Okay, the new edition of Hinterlands is available and in the hands of several retailers. The old edition is out of print and I forsee no new printings. The new edition includes several new trails, along with better maps and photos, and I believe that there's enough new stuff to attract even those thoroughly familiar with the earlier editions. I rehiked every trail that's included in the new edition, along with many that didn't make the cut. One new trail leads to an overlook which, in my opinion, is alone worth a couple of sawbucks. I hope everyone likes the new edition. I'm personally happy with it, but it's not perfect. The first printing didn't fully meet my expectations, but since I don't know what the problem was, I may not be able to correct it. Only time will tell. Also, this edition is essentially a solo effort. Other than those mentioned in the book, who gave me advice and hiked with me, I did everything. . . . which means that there are probably typos. I apologize, but after 5, 6 or however many books I've written, I've worn all my friends out and feel bad about asking for assistance, again. I don't make enough money to repeatedly pay editors, proofreaders, etc. so this edition is raw. If the errors are too ubiquitous, I might correct them with a new edition. Or I might just leave them, like Tom Baugh (Starving the Monkeys), to irritate the publishers who weren't interested in my books and snobby OCD types. I read and reread countless times, but proofreading is tedious business. If you don't catch something on the first pass, you probably won't afterwards.

Red River Gorge Trail Guide 2018 Edition

I have unfortunatly found some errors in the 2018 edition. You can pencil in the following changes in your edition.

On page 285, 3rd line, Original Trail should be 159 instead of 123.

On page 290, 8th line, page 123 should be 159 and page 71 should be 97.

On page 299, under Cautions, page 75 should be page 39.

Red River Gorge Trail Guide 2012 Edition

In the 1st and 2nd editions of the Red River Gorge Trail Guide I mistakenly referred to the Whistling Arch Trail as trail #224. It is actually #234, so you may want to mark this in your older copy. Seven years after publication this is the only typo or misprint I've discovered, or that has been brought to my attention, in those early editions! All credit goes to my proofreaders and editors. I've seen major publishing companies do unspeakably worse.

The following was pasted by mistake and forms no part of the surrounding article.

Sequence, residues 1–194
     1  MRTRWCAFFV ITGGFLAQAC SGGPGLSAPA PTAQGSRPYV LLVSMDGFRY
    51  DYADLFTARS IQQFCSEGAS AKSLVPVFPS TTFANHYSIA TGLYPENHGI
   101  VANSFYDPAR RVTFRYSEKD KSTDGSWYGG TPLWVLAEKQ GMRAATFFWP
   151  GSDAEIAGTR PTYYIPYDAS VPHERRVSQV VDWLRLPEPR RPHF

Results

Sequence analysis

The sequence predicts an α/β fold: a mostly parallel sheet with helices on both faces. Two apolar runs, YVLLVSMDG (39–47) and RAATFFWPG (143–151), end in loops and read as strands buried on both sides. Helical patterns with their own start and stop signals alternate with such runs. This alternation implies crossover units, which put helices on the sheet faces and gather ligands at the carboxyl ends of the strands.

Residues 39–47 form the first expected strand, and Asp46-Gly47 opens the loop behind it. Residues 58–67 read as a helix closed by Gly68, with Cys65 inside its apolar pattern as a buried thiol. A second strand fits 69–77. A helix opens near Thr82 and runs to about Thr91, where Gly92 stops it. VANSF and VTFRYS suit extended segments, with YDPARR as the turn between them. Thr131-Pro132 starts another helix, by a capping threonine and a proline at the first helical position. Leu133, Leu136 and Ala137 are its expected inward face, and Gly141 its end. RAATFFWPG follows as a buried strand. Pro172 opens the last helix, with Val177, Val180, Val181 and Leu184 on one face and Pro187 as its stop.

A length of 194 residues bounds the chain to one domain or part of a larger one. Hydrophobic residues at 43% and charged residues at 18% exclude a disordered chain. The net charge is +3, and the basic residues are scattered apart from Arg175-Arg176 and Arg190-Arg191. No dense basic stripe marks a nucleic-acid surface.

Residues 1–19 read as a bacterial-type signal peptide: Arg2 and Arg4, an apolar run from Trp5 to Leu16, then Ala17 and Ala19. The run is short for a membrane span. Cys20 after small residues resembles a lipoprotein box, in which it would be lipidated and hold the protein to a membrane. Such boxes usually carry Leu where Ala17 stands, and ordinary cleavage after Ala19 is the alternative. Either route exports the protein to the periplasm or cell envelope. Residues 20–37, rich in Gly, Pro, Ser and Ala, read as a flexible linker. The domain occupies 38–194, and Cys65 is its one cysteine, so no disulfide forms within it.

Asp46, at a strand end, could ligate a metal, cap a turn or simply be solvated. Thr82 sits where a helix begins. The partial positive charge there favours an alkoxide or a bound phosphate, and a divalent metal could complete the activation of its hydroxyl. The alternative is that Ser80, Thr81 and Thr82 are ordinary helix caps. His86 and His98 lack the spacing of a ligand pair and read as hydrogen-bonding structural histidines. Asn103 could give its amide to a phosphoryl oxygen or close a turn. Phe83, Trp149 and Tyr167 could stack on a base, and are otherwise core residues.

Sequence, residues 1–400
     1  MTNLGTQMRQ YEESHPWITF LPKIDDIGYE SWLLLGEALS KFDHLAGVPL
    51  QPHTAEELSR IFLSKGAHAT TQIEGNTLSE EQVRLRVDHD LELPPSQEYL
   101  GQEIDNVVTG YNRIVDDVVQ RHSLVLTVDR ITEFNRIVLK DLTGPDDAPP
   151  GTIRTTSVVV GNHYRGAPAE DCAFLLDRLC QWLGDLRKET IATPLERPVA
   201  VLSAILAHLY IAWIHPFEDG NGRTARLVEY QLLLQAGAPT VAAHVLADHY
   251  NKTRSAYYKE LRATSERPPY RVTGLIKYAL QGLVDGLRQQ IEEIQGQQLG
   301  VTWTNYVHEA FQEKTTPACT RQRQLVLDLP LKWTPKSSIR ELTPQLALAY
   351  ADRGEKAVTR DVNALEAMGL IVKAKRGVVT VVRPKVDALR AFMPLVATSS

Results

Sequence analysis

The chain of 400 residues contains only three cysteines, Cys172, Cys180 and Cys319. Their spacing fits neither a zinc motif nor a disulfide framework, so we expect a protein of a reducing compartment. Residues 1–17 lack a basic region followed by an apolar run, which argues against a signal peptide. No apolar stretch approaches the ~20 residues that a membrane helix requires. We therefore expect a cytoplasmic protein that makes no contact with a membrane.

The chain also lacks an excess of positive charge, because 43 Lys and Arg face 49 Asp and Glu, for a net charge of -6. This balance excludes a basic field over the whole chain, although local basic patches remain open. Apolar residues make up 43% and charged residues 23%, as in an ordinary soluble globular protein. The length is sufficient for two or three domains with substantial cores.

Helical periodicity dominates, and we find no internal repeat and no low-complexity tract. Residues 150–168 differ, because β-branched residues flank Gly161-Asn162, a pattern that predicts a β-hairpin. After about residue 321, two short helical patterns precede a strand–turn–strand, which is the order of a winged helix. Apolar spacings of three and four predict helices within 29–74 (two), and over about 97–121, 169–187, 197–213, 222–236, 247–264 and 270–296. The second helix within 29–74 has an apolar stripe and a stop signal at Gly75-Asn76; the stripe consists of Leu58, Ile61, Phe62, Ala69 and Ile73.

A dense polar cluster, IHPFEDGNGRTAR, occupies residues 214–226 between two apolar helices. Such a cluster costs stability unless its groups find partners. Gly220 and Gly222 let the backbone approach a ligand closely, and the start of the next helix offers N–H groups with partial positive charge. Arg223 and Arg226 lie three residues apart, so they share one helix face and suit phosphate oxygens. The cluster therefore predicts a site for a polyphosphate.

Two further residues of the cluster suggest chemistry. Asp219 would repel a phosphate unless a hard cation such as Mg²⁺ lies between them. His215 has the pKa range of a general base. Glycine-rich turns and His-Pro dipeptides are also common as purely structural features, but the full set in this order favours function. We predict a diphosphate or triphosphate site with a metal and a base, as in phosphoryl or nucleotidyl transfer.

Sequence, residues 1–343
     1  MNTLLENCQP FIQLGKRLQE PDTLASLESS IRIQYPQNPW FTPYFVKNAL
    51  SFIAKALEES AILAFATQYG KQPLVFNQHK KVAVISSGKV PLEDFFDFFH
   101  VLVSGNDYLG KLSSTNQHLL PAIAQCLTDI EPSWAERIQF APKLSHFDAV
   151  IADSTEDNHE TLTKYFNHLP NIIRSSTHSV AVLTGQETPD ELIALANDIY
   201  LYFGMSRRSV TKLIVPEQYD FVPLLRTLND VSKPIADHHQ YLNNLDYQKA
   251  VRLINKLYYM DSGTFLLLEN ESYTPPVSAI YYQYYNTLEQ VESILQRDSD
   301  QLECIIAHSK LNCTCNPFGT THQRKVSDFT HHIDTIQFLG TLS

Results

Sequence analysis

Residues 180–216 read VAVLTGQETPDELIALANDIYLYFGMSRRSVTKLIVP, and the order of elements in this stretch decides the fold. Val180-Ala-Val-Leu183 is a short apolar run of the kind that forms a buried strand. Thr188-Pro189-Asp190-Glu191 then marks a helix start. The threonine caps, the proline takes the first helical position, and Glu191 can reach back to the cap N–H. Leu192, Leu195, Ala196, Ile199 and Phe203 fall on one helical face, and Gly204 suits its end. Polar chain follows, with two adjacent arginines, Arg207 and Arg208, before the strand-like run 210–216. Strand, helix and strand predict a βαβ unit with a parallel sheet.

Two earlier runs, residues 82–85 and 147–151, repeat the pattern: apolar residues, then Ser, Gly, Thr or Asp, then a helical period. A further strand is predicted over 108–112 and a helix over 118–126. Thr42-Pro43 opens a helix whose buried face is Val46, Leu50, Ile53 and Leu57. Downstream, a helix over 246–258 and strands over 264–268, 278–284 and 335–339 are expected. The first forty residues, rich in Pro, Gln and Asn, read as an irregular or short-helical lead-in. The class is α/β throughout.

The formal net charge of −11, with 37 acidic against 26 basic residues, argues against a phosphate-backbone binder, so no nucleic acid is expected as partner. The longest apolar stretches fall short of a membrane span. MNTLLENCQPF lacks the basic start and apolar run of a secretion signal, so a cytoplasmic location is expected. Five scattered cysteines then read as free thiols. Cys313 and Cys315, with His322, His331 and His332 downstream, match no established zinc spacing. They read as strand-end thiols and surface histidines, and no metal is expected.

I can't say the same for my later (2012) edition. One error is on page 135, in the trail directions for the Pebble Beach Trail. "See map on page 141" should read, "See map on page 143". On page 261, Highlights: should read "Beautiful stream/forest settings." You'll also find some misspellings because some idiot (me) forgot to run the spell checker, or perhaps, my "dynamic" spell checker wasn't working properly . . . like it isn't now.

Hinterlands 2018 edition

On page 231, 7 lines down, Raven's Rock Overlook Trail II should read Raven's Rock Overlook Trail I.

On page 10, 17 lines from bottom, "expectations" should read "exceptions"

Hinterlands (2007 & 2008 editions)

While updating the Hanson's Point Trail for the new edition of Hinterlands I noticed two errors in the previous edition. In the first sentence of the last full paragraph on page 147, "continues west along" should read "continues east along." Additionally, the GPS coordinates given for Hanson's Point were actually for the campsite previous to the final overlook area and should read 17S 0268801 4188719. The latter mistake shouldn't cause any serious problems, but the former one could. Sorry. The Hanson's Point Trail has become an obstacle course. Recent fires have resulted in many fallen trees and a general decline in hiking quality. The views still kill, however.

In the description to the Swift Camp Creek Overlook Trail, on page 226, "The trail going straight ahead is the Turtle Back Arch Trail. Our trail turns left" should read more like "The trail going straight ahead is the Swift Camp Creek Overlook Trail while the Turtle Back Arch Trail turns right." Or something to that effect. I must have been looking at mapping software or something instead of my notes. Or maybe I just had one too many bourbon shots that night. Sorry. As mentioned previously however. The SCCO Trail is now obliterated by deadfall. Or at least it was when I tried to hike it a few months ago. This will all be corrected (hopefully) in the new edtition of Hinterlands, and new errors will probably take their place.

Fire and subsequent erosion have made access to Indian Staircasec considerably easier than it was when Hinterlands was first published. Follow directions in the book until you arrive at the small "obstacle," shown in the photo on page 161 and below, but rather than climbing the obstacle directly, move left to easier (less steep) terrain and zigag up ledges. It's less adventurous, but much safer.

On page 288 (Wildcat Bonus Trail), the directions end with "map page 297." That should read "map page 298."

A reader pointed out another mistake in Hinterlands. It's in the Eagle Point Buttress area. It's subtle, so I won't get into details, but let me know if you have any trouble navigating in the area. I still can't believe how few mistakes have been found in my books. It's not like I do this for a living, but I see tons of mistakes in books by people who do. Credit goes to my wife and other proofreaders.